Saturday, November 9, 2019

Summer at the Garden Cafe by Felicity Hayes-McCoy

Well, I finally finished a book this month! It's taken me a ridiculously long few weeks to complete a novel. Part of my problem is that I am reading four at once and making slow progress in each one of them. I started NaNoWriMo, and after a few weeks, I've had to throw in the towel. Just not feeling inspired enough to get past my 5100 words. I'd much rather read! 

Summer at the Garden Cafe snuck by me and I saw it by chance while picking up the next book in this delightful series, The Mistletoe Matchmaker.  So I had to buy it before I could read MM for December. I reviewed the first in the series, The Library at the Edge of the World  in 2017. Set in a small town in Ireland, I loved it and looking back at my review, I couldn't wait to read more. Well, it fell off my radar until I happened to see the holiday novel sitting on a table in my local bookstore. I'm happy to say Summer at the Garden Cafe had me settling back into the small town of Lissbeg and getting familiar with Hanna Casey, her daughter Jazz, and the many folks who make the town of Lissbeg come to life. Everyone's stories continue, after the library sees some exciting growth, and Hanna has settled into her cottage. She finds an old journal, buried near her cottage, written by her great aunt Maggie. Written in 1920, it hints at secrets and troubles that led Maggie to leave her beloved Mother and travel to London. Maggie does finally return, decades later, to settle back into the family cottage, but she is a changed person. Hanna, who inherited the cottage from Maggie, is intrigued by the journal, and it makes her wonder about her family dynamics, and how the woman she knew as Aunt Maggie became such a curmudgeon in her final years.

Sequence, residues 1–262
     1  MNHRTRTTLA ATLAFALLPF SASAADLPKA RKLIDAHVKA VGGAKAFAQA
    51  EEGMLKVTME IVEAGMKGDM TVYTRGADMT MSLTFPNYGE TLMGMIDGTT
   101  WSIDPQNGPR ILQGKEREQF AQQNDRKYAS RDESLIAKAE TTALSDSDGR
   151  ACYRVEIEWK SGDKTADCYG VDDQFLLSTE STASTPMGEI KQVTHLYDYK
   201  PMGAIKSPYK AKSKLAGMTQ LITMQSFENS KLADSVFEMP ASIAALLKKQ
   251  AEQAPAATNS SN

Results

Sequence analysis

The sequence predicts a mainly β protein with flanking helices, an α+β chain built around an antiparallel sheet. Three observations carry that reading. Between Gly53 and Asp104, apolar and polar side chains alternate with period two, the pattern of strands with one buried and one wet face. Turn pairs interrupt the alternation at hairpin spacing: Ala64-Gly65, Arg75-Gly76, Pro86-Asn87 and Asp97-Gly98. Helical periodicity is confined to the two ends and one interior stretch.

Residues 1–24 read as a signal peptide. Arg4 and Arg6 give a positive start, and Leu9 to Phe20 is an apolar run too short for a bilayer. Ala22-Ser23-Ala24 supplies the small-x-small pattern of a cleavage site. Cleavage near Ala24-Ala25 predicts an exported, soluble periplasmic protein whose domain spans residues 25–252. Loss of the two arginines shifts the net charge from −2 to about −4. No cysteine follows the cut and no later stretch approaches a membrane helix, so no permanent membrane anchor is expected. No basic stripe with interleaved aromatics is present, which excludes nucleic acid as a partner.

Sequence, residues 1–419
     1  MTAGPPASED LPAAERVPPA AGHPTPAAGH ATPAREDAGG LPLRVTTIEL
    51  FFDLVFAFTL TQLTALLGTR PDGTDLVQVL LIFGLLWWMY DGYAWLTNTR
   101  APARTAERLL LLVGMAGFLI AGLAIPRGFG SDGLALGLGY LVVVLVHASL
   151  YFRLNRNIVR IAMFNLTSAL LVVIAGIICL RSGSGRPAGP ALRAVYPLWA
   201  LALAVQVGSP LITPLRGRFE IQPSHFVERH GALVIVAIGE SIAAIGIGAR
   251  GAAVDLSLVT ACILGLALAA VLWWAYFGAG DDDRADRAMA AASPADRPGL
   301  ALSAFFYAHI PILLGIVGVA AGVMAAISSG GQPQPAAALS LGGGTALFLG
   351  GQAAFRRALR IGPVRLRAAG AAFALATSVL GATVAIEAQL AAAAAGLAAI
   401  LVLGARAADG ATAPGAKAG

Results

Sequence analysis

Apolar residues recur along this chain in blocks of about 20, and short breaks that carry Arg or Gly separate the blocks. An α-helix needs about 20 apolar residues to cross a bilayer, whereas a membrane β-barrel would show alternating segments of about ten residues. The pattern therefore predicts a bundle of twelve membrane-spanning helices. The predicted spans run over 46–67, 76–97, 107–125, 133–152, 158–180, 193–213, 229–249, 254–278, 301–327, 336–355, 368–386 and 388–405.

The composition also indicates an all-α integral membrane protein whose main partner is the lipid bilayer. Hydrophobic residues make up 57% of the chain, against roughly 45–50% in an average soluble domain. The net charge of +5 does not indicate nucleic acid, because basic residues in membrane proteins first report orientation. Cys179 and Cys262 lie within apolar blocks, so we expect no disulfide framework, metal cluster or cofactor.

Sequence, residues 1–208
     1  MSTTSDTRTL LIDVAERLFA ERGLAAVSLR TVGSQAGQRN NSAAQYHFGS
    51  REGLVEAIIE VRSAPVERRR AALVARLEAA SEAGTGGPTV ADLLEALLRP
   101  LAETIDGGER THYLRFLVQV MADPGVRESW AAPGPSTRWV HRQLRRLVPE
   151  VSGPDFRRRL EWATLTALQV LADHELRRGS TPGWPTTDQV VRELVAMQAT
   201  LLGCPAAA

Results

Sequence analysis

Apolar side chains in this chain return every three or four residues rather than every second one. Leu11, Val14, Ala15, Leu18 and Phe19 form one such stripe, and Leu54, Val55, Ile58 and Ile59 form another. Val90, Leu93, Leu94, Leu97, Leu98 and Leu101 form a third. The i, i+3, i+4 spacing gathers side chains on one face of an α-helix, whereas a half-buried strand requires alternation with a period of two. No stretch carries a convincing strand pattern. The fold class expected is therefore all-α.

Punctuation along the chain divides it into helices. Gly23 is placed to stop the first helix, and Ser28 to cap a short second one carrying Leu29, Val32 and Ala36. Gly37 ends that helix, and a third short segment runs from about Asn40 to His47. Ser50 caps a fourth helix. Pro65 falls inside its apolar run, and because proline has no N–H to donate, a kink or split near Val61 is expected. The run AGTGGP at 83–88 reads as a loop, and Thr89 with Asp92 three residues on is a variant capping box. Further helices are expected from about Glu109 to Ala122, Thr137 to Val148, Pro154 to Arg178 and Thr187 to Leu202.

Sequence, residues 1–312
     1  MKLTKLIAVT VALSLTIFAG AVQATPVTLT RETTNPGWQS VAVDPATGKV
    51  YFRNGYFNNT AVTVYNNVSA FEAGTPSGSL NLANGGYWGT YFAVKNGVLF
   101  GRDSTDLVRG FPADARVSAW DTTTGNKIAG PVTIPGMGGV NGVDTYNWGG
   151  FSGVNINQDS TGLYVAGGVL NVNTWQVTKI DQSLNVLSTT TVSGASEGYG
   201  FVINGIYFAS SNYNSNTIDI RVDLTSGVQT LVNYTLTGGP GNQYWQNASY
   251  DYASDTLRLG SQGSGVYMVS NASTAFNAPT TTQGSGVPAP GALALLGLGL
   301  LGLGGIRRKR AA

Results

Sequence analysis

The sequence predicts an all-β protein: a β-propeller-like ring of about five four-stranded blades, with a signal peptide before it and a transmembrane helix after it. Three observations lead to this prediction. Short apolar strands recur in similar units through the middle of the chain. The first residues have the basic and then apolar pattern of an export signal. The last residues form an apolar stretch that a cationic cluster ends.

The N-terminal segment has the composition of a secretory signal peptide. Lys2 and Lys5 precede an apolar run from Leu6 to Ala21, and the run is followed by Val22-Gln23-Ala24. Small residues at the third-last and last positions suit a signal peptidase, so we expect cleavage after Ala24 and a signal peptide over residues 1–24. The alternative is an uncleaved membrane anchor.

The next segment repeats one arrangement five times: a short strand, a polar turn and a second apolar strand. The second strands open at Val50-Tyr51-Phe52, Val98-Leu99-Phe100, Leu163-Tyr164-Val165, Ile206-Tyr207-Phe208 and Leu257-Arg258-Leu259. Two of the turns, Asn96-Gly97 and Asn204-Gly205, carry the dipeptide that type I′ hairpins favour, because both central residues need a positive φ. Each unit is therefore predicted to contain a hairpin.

Meanwhile, Jazz is working through some anger issues with her father, and figuring out just what she wants to do with her life. Conor, a young farmer from the first novel who works part-time at the library, is deeply involved with a local young woman and contemplating marriage. But oh gosh, they have some bumps in the road! 

I don't want to give too much away, because you do need to read the first in the series to understand the second. It's definitely not one to pick up and read on its own. It took me a good chunk of the novel to remember what had gone on in the first novel, but once I did figure it all out, I was sucked in all the way to the last page. I can't wait to read The Mistletoe Matchmaker in a few weeks.

If you are looking for a Debbie Macomber-type novel, or something that takes you away from home and whisks you to the beautiful hills of Ireland, oh, this is the series for you. The people who populate Lissbeg and the surrounding areas are just solid, down to earth folks, but so enjoyable to read about. Characters evolve at a nice pace, and it will all leave you with a thirst for a cup of tea and a cozy cottage. Yes, there is romance, but it's not overdone at all, and it is actually pretty realistic, too, as Hanna and Brian navigate how to begin a relationship after some bad luck at love. 

This novel was exactly what I needed these first few weeks of November. The three would make a lovely present for someone in your life--or you! 

Rating:  4/6 for a smooth continuation of a series that doesn't fall flat. Life continues at a steady pace in Lissbeg, and characters make some bold choices in their journey to happiness. 

Available in paperback, ebook, and audio.

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